The potential impact of enhanced diagnostic techniques for tuberculosis driven by HIV: A mathematical model

Research output: Contribution to journalArticle

Abstract

OBJECTIVE: To explore the potential impact of enhanced tuberculosis (TB) diagnostic techniques as a TB control strategy in an adult population with high HIV prevalence. DESIGN: A compartmental difference-equation model of TB/HIV was developed using parameter estimates from the literature. METHODS: The impact of five TB control interventions (rapid molecular testing, mycobacterial culture, community-wide and HIV-targeted active case finding, and highly active antiretroviral therapy) on TB incidence, prevalence, and mortality was modeled in a steady-state population with an HIV prevalence of 17% and annual TB incidence of 409 per 100 000. Sensitivity analyses assessed the influence of each model parameter on the interventions' mortality impact. RESULTS: Enhanced diagnostic techniques (rapid molecular testing or culture) are each projected to reduce TB prevalence and mortality by 20% or more, an impact similar to that of active case-finding in 33% of the general community and greater than the effect achievable by case-finding or antiretroviral treatment efforts in HIV-positive patients alone. The projected impact of enhanced diagnostics on TB incidence (< 10% reduction) is smaller. The impact of TB diagnostics is sensitive to the quality of existing diagnostic standards and the level of access to diagnostic services, but is robust across a wide range of population parameters including HIV and TB incidence. CONCLUSIONS: Enhanced TB diagnostic techniques may have substantial impact on TB morbidity and mortality in HIV-endemic regions. As TB rates continue to increase in these areas, enhanced diagnostic techniques merit further consideration as TB control strategies.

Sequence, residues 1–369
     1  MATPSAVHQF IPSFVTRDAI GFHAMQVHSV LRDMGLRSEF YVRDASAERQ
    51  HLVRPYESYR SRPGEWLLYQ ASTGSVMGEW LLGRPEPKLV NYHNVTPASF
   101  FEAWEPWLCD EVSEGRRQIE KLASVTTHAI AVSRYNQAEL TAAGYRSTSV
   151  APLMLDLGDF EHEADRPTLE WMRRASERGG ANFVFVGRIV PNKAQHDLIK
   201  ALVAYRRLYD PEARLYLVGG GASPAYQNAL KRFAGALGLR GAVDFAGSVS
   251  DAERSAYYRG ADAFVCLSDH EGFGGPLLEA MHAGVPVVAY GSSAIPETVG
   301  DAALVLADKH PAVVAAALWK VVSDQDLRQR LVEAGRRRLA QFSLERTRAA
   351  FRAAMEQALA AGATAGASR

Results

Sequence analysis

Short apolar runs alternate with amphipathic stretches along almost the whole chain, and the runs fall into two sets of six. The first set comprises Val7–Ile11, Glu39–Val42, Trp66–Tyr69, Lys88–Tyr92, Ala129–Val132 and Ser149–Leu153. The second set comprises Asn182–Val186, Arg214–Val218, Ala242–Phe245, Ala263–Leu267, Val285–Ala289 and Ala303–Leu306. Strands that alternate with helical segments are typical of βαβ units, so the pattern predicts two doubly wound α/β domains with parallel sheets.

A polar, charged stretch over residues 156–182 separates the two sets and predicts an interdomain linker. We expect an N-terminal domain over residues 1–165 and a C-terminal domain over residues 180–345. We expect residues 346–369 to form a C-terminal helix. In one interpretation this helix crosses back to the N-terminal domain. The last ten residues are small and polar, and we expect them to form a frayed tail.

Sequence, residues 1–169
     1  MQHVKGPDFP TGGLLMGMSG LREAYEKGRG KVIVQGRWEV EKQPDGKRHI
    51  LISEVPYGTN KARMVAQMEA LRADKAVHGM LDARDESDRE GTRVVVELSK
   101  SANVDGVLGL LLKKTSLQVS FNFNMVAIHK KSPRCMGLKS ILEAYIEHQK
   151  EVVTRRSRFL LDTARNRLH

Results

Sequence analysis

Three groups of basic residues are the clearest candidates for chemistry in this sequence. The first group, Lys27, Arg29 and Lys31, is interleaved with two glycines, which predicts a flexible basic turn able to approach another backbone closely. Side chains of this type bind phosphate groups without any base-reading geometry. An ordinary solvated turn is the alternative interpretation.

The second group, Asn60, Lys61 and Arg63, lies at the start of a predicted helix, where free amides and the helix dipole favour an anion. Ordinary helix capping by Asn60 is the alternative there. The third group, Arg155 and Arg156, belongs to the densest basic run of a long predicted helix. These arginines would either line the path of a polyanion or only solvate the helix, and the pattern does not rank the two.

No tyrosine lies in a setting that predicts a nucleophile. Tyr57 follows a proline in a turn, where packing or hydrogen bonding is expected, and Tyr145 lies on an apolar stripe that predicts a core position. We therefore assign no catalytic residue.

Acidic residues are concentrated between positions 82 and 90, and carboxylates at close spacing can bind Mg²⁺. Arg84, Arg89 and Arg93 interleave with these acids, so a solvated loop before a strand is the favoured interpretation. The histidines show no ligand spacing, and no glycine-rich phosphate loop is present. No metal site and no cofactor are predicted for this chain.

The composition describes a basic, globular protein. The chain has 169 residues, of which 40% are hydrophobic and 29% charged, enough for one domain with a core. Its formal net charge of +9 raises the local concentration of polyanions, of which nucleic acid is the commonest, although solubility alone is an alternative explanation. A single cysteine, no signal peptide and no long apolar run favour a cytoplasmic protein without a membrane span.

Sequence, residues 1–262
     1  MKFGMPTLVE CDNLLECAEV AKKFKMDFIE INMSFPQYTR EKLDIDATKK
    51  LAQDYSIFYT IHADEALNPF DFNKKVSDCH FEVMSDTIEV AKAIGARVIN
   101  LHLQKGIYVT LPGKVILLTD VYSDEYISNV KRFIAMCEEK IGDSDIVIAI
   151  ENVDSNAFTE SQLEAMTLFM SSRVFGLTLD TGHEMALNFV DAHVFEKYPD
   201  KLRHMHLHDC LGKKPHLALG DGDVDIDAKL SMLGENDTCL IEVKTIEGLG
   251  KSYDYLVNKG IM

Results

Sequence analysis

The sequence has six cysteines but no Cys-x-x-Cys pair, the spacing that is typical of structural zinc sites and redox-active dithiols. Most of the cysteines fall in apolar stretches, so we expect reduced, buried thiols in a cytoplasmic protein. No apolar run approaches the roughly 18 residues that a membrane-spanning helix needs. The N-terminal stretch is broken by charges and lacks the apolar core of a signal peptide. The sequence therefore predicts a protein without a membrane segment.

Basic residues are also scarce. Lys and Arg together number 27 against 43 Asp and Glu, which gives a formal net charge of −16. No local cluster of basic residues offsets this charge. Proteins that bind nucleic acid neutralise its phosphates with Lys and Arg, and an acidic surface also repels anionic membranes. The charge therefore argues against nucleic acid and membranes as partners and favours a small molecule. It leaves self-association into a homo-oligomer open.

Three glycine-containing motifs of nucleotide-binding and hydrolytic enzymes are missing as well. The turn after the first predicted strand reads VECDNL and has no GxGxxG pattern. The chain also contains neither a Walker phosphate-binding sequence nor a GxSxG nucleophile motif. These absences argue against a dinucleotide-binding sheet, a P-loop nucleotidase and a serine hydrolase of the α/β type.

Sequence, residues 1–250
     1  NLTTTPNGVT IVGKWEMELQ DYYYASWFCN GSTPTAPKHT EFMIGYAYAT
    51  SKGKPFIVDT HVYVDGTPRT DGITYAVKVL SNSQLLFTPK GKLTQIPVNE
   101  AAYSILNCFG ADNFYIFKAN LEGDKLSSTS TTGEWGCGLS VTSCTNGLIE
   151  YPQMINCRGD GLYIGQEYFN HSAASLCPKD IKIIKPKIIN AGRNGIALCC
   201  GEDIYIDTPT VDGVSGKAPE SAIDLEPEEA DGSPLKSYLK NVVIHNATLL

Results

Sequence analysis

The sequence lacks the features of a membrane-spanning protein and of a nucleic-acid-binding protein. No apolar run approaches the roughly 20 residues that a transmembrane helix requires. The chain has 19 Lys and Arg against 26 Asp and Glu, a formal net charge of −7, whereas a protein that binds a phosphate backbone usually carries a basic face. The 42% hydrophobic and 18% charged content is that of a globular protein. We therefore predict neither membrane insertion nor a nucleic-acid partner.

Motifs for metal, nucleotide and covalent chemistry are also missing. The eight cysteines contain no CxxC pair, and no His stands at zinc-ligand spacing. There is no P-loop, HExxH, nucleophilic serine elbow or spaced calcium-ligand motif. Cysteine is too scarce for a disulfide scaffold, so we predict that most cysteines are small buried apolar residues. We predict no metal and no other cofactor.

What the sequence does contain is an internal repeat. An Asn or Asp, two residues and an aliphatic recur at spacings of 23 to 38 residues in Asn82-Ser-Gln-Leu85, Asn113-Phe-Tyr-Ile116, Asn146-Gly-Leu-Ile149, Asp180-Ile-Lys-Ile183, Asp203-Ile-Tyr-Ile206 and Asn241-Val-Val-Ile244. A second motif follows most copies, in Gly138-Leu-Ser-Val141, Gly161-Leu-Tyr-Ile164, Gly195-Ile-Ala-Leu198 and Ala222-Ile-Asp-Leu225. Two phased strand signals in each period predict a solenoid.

Original languageEnglish (US)
Pages (from-to)751-762
Number of pages12
JournalAIDS
Volume20
Issue number5
DOIs
StatePublished - Jun 21 2006

Keywords

  • Diagnostic techniques and procedures
  • Epidemiology
  • HIV
  • Highly active antiretroviral therapy
  • Theoretical models
  • Tuberculosis

ASJC Scopus subject areas

  • Immunology and Allergy
  • Immunology
  • Infectious Diseases

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